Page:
“If you are here, it’s because you are in the top 2 – 3% of the slush pile.”
The day started early with a forced march – 6:30am, MacDonald led a 3 mile walk along the coastline. I opted to join so that I could stretch my legs. The island is beautiful in the rising sun. Wish I had taken my camera because I would have gotten some glorious shots. I got this one a few days later.
0830 – We meet in the downstairs room to go over how the week works. The night before, we’d been given packets with our schedules and all the stuff we were supposed to read.
We then separate out into break-out groups. The break-out groups work like this – 5 to 6 students will read and critique your work, each one getting five minutes. Then the 2 instructors in the group will critique your work. Then you’re given a few minutes to respond, but not before.
I’m not sure if I was fortunate or not, but my work (Genie Memories) was up on Monday alongside Irina’s ‘Brief Horizons’. The critiques were interesting. If anyone came to the island expecting to be coddled, this was the moment they’d be broken of that belief. We’re all of professional level and we should expect professional critiques. That said, it’s not like we tore into each other. Every critique had a purpose and I’ll be damned if not one of them wasn’t on target. It also exposes you to a larger, more diverse audience.
I had Patrick Nielsen-Hayden (PNH, Editor at TOR) and Steven Gould (SG, author of Jumper) as the instructors. Leah, Cath, Miranda, Christian, and Irina were the students. How’d it go? Fairly well. PNH compared it (favorably) to Zelzany. It was called a spy thriller meets superheroes. The second chapter slowed it down. SG pointed out a few errors in my technology. Theo was an exceptionally strong character. A few other things, all of which I noted. In the end, I was extremely happy.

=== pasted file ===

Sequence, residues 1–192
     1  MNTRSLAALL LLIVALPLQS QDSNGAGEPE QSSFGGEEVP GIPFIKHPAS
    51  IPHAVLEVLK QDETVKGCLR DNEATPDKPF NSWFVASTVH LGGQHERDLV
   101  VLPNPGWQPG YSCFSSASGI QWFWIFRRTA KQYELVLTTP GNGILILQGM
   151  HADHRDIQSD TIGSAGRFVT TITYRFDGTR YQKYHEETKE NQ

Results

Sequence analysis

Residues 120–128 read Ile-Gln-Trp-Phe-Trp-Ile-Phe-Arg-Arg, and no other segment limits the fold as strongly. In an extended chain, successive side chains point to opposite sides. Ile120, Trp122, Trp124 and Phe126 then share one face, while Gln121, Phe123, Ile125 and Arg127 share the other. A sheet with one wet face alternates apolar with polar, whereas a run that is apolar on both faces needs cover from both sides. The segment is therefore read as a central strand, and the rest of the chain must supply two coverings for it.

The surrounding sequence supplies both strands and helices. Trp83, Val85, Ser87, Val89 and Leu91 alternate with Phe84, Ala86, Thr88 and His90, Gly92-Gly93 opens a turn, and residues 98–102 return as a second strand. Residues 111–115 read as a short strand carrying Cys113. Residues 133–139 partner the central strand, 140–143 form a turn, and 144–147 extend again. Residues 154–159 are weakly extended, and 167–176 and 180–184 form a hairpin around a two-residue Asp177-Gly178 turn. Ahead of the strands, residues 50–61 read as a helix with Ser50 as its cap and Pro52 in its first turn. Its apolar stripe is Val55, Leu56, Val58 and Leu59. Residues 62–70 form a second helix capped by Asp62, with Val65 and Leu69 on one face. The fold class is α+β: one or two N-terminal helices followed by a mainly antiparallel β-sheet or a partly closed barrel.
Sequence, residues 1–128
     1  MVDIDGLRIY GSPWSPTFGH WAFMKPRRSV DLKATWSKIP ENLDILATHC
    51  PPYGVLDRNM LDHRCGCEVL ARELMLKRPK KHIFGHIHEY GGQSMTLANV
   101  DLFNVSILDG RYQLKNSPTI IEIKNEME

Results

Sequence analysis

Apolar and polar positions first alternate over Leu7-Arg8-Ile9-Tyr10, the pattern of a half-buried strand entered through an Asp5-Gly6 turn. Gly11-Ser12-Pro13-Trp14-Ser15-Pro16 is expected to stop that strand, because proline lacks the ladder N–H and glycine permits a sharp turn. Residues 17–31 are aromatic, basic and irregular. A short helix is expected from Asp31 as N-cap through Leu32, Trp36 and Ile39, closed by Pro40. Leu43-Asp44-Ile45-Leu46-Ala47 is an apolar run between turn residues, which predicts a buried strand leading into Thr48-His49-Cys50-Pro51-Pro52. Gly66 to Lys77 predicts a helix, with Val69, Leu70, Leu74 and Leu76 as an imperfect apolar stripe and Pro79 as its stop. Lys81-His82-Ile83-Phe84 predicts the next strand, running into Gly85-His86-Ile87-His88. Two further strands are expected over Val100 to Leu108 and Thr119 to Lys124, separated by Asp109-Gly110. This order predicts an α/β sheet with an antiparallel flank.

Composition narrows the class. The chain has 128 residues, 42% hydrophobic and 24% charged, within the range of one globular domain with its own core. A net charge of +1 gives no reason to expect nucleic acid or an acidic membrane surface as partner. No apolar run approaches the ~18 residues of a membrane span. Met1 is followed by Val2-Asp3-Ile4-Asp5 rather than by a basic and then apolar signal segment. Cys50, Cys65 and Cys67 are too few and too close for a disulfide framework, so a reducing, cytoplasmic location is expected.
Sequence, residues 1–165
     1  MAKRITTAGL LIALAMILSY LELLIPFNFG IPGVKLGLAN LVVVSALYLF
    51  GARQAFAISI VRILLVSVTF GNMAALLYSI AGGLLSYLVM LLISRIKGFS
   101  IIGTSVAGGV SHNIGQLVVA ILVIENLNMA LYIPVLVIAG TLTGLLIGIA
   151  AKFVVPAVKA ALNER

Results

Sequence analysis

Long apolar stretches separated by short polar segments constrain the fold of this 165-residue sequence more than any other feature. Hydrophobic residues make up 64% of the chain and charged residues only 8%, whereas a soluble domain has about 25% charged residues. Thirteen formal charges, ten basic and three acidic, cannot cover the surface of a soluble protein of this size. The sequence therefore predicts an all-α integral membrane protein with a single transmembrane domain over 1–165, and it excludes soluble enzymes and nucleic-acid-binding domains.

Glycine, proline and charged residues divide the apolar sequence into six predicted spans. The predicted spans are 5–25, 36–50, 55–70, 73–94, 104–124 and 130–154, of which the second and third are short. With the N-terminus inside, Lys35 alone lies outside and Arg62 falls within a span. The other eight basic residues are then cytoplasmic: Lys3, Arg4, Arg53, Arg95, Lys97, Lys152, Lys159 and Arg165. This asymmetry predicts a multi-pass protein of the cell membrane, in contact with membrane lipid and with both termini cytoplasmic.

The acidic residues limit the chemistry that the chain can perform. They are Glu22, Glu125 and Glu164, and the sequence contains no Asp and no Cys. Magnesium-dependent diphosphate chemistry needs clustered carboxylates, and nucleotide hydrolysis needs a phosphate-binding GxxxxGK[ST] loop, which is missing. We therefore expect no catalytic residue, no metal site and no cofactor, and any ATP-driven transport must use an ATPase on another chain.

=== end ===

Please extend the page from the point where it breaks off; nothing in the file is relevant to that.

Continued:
After the break-outs, we had a lecture on Plot by MacDonald (JMD). Very interesting, especially when the chess board came out. I’d read about using chess in relation to plot via the Absolute Write boards, but until I saw it in front of me, it never made sense. Lecture was followed by lunch, then another lecture by Elizabeth Bear (EB) on Structure.
We then went into a series of writing exercises with Laura Mixon (LM). That’s when we found out what we’d use our toys for – the writing assignments, due Thursday.
The highlight of the day? My One-on-One with JMD. This was one hour alone with a master of plot as he dissected my story. This was damned cool, eye-opening, and all that. He spent the first twenty minutes tearing it apart, pointing out errors, exposition that wasn’t needed, etc. Then he told me “Theo is not your main character. It’s Abbott.” Probably could have picked my jaw up off the floor. But it made sense. Abbott was the one that had the wants and needs. Doesn’t mean he’s the viewpoint character, just that he’s the one that has a lot riding on this. So JMD and I spent the last forty minutes plotting out a new outline that I think will make the story transcend into the kick-ass territory.
Dinner that night was fun. There was a lot of chatting and sharing what we learned through the day. Someone told me of SG’s 48/12 rule – write for 48 minutes, then you can reward yourself with 12 minutes of stretching or surfing the web or whatever. Useful tidbits like that were all over the place. It’s hard to drag yourself away from the conversations, but in the end, I did and went up to read tomorrow’s pieces. I didn’t finish til 2:30am.